We investigated the infectivity and spore productivity of R. clarus AS in the in vitro monoxenic culture. A single spore produced in the TGM medium or the one in the monoxenic culture was inoculated into carrot hairy roots grown on the modified M medium. The germination rates of AS and SS were about 85% or higher, and there was no significant difference between the two inoculum sources (Fig. 3a). The rate of daughter spore formation rate was slower in the AS than in the SS up to 4 weeks after inoculation, but no significant difference was observed 4–6 weeks after inoculation. At 8 weeks after inoculation, 82–95% of germinated AS (70–90% of all inoculated AS) produced daughter spores (Fig. 3b, c and Supplementary Data 1). This is a substantial improvement over the rate of 14–67%, in the previous studies15. Overall, although AS produced lower numbers of daughter spores compared to SS, some AS had similar spore productivity to SS (Fig. 3d). The numbers of daughter spores were significantly correlated with the diameter of spores inoculated into carrot hairy roots (Fig. 3e).

Fig. 3: Inoculation of asymbiotically generated spores to plants.
figure 3

ae Inoculation of asymbiotically generated spores (AS) and symbiotically generated spores (SS) to carrot hairy roots grown on modified M medium. AS and SS of R. clarus were prepared by asymbiotic culture in TGM medium and in vitro monoxenic culture, respectively. Time course of germination rate (a) and daughter spore formation rate calculated as a percentage of spores that produce daughter spores after the successful colonisation relative to germinated spores (b). Dashed, solid and dotted lines indicate trials 1–3, respectively. Asterisks above graphs indicate significant differences between treatments in each time point using Fisher’s exact test with Bonferroni correction. ***p < 0.001; **0.001 ≤ p < 0.01; *0.01 ≤ p < 0.05; ns not significant. p-values are described in Supplementary Data 2. c Daughter spore formation in monoxenic culture, in which carrot hairy roots were inoculated with a single (arrowhead). Bars = 500 µm. d Time course of daughter spore formation after inoculation of AS or SS. Diamonds indicate medians. Asterisks above graphs indicate significant differences among treatments using Wilcoxon rank-sum test. This is a representative data of all three trials, another two data are described in Supplementary Data 1. e Correlation between the diameter of spores inoculated into carrot hairy roots and numbers of daughter spores at 8 weeks after inoculation. Circles, triangles and diamonds indicate trials 1–3, respectively. r values are Pearson’s correlation coefficient. The three values are trials 1–3, respectively from the left. ***p < 0.001; **0.001 ≤ p < 0.01. p-values are described in Supplementary Data 2. f, g Inoculation of AS and SS to Welsh onions in pots. f Growth and root colonisation of Welsh onions inoculated with AM fungi at 8 weeks after inoculation. Numbers following AS or SS are the number of spores for inoculation. The appearance of Welsh onions (upper left, bar = 5 cm). AM fungal structures in roots stained with trypan blue (bottom left, bar = 100 µm) and wheat germ agglutinin conjugated with Oregon Green 488 (right, bars = 100 µm). Arrowheads show arbuscules. g Dry weights of Welsh onion shoot at 8 weeks after inoculation. The upper and lower side of boxes show the 25 and 75% quantiles, bars inside boxes indicate medians. Whiskers indicate 1.5 times the interquartile range. Different letters indicate significant differences among treatments in each trial using Wilcoxon rank-sum test with Bonferroni correction, p < 0.05.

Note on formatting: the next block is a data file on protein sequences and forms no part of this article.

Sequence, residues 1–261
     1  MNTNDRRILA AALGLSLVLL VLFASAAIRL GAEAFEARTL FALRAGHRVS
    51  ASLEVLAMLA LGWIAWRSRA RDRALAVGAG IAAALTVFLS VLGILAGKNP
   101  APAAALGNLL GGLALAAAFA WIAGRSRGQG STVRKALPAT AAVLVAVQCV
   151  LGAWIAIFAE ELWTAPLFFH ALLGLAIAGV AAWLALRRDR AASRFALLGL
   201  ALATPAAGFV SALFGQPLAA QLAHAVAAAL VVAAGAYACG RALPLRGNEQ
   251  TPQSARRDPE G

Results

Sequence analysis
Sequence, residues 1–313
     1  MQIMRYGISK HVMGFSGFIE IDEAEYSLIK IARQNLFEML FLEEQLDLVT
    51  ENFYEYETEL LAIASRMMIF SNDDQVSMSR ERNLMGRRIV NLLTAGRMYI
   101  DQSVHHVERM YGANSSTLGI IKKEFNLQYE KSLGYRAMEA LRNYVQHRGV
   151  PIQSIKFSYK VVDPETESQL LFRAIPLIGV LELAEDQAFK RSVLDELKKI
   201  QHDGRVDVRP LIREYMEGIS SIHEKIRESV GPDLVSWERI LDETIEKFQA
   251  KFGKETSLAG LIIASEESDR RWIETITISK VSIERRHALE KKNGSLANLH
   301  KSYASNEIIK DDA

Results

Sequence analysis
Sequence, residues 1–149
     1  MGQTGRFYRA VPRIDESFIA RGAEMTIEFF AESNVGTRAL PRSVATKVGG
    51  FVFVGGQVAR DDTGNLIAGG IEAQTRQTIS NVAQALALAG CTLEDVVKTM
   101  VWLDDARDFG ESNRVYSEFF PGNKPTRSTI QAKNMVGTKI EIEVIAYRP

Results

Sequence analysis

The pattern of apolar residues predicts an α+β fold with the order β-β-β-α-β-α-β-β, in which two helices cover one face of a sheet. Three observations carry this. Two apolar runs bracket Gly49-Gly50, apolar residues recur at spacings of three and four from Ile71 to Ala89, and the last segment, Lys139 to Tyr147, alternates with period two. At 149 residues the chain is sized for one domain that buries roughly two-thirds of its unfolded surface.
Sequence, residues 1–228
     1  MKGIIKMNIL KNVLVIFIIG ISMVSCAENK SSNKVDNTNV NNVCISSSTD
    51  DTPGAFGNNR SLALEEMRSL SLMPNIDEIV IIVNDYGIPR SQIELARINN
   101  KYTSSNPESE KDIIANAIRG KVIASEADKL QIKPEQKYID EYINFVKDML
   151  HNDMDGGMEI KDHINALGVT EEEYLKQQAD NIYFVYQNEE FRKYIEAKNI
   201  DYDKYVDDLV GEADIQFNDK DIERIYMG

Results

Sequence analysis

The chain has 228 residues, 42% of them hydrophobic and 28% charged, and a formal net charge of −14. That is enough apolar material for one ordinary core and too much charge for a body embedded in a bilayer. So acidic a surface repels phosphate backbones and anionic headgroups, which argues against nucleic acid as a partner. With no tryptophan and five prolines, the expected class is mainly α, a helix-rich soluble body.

We also inoculated Welsh onions in pot cultures with SS and AS. The plant growth and intraradical structures in each treatment with the mock, three different numbers of AS (50, 100 and 200 spores) and 50 SS were examined. The effect of inoculation on the growth at 4 WAI tended to be greater in the plants inoculated with 50 SS and 200 AS than in those inoculated with 50 and 100 AS (Supplementary Fig. 10). Furthermore, there were no clear differences in their appearance, shoot dry weight and the intensity of colonisation and arbuscule formation among fungal treatments at 8 weeks after inoculation (Fig. 3f, g and Supplementary Fig. 10).